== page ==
Currently viewing the category: "Citizen Scientists"

Many of you who involve yourself in citizen science projects, or personal amateur research might dream of designing dedicated laboratory spaces in ones’ own home or garage. Sort of like the “man cave” (or, “woman cave”!) for the science geek. This luxury might not always be possible due to space requirements, zoning conflicts, or just having too many kid toys to stash in the only non-inhabited room in the house.

Steven Roberts Computing and Biking Across America

Steven K. Roberts of … somewhere in the United States … had his own related complications with personal lab space, and developed a plan to create a new lab that was mobile. Mr. Roberts, who developed some fame after biking 17,000 miles across America between 1983 to 1991 in a digitally tricked-out bicycle, had developed a life-long personal technology skill that gave him the means to design the ultimate solution for the roaming amateur scientist.

In a Make: Magazine four-part series, Mr. Roberts outlines his development of Polaris, a mobile lab space, complete with computers, Ham radio, solar battery power, a long-range Wi-Fi connection to the Internet, and a minimum, yet effective, collection of parts, tools and computing resources.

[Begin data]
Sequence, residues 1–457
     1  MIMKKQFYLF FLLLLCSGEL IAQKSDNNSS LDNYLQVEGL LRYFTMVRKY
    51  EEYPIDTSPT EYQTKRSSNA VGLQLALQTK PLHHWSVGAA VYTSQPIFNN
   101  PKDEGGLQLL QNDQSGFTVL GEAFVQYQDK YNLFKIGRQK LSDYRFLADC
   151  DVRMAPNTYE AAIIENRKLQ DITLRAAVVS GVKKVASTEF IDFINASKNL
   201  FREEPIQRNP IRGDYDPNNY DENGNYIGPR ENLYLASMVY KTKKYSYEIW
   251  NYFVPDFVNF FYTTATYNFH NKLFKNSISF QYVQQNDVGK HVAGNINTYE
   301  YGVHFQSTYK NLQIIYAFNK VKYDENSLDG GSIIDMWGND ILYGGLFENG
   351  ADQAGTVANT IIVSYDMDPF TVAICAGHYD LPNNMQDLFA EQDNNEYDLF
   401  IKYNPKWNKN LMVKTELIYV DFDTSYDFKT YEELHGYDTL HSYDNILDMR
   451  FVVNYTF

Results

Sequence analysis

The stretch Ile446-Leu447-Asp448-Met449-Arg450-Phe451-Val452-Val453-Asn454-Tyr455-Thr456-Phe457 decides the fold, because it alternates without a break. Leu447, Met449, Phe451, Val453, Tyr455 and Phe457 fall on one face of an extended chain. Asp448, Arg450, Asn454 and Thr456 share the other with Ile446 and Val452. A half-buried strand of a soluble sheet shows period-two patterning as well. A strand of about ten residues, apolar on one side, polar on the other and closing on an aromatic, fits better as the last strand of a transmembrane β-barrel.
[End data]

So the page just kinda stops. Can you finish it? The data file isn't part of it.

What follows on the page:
Starting with an empty utility trailer, Mr. Roberts steps through the process of designing mounting racks, ceilings, lighting, and locking drawer systems. Of course, a personal mobile lab must be tailored to the interests of the individual, so he tries to outline a range of tips and ideas on what he found useful while designing his own perfect lab.

Mobile Lab designed by Steven Roberts; Courtesy Make: Magazine

If you are sitting on the couch just pouting that you have no space to build your own personal lab space, or just don’t want to limit the re-sale value of your home, then Mr. Roberts has the outline of the solution that will make your science cave come true.

After developing your own mobile (or static) lab space, please submit your photos, tips and stories to Dynamic Patterns Research to help others follow their geeky science dreams.